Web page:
Given our focus, we have a natural inclination to see the “emerging” versus “developed” distinction as somewhat artificial—especially the binary aspect of it. Our work in Asia shows that countries are at different stages of economic, political and social development. However, in our view such distinctions are better made on a spectrum, rather than a pass or fail grade. Present events cloud the distinction further: the prevailing fiscal and regulatory instability in many wealthier countries would ostensibly undermine their “developed” status. Meanwhile, some of the larger “emerging” markets have handled their economic and political affairs with an unexpected degree of discipline. The important lesson to draw from all of this is that investors should be wary of using a well-intentioned, but ultimately arbitrary, classification scheme as a substantial basis for investment decisions. Instead, consider differentiating markets on their own individual merits. Not all “emerging” markets enjoy the same stability or hold the same long-term promise; nor are all “developed” markets equally resilient. Whatever approach you adopt, make sure to “look under the hood” of your chosen investment model. To do so is the only way to ensure that you achieve the exposures you really want, rather than ending up with a portfolio with the right nomenclature but based on the wrong premises.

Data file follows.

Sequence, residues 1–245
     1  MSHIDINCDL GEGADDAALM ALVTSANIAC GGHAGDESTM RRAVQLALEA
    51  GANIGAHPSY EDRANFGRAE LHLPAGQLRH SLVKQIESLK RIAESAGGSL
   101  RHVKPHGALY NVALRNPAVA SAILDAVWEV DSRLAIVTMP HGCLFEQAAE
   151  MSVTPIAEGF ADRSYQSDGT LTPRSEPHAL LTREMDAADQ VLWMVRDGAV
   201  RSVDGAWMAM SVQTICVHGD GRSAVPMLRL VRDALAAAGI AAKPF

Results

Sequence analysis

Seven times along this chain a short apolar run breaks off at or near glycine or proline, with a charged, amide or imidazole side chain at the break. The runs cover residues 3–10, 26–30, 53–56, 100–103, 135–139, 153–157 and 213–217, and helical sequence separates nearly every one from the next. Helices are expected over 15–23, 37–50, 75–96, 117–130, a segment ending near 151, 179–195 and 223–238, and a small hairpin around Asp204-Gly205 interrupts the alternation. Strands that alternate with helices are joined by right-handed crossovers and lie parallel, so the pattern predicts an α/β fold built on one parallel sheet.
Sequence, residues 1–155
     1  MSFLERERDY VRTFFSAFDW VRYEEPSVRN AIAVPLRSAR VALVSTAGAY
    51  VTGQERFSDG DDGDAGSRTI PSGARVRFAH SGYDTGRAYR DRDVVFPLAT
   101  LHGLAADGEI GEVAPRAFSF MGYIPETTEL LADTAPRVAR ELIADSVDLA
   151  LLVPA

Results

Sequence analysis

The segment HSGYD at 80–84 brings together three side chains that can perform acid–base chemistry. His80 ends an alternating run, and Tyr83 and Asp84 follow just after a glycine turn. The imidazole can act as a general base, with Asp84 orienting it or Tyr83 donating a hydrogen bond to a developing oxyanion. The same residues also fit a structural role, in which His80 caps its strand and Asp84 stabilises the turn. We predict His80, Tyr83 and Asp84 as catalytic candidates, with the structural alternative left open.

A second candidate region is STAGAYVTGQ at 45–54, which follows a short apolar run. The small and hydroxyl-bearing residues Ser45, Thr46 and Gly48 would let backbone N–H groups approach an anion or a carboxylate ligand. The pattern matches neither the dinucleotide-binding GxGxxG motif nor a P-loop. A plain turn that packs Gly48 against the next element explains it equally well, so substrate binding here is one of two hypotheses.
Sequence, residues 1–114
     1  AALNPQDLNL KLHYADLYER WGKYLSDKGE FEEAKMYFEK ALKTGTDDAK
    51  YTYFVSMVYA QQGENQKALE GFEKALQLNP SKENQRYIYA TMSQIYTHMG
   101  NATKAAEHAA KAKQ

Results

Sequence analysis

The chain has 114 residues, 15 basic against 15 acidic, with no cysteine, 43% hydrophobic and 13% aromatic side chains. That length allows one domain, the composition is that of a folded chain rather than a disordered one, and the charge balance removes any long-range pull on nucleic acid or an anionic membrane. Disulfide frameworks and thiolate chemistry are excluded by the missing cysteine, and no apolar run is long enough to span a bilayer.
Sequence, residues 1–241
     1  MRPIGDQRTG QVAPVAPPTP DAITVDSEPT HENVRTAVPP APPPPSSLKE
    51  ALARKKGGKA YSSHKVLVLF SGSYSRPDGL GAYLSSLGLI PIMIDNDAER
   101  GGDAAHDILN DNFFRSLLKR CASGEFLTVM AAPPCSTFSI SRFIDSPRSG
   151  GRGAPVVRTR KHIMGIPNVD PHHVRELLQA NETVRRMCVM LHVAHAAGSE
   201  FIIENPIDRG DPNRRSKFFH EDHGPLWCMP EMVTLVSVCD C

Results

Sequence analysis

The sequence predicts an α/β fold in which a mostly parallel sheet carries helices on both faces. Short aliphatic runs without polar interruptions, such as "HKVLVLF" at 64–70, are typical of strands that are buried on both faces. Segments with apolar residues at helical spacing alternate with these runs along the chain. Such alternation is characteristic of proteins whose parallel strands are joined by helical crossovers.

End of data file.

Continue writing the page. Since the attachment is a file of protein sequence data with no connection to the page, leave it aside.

Blurring the Distinction
China is the country in Asia that is most likely to defy easy categorization as either “emerging” or “developed.” As we mentioned in the 2008 annual report, China’s progress as a nation is emblematic of the region as a whole; despite the current downturn, its economic leadership has continued through the first quarter. The economy has been somewhat soft—export-oriented industries have suffered with the collapse of demand in Western markets. However, domestic consumption, along with domestic investment and property markets, have all been surprisingly firm—and each of these are much larger contributors than exports to the country’s growth. Thus, China has enjoyed a degree of relative economic stability compared with most of the rest of the world, where activity is contracting.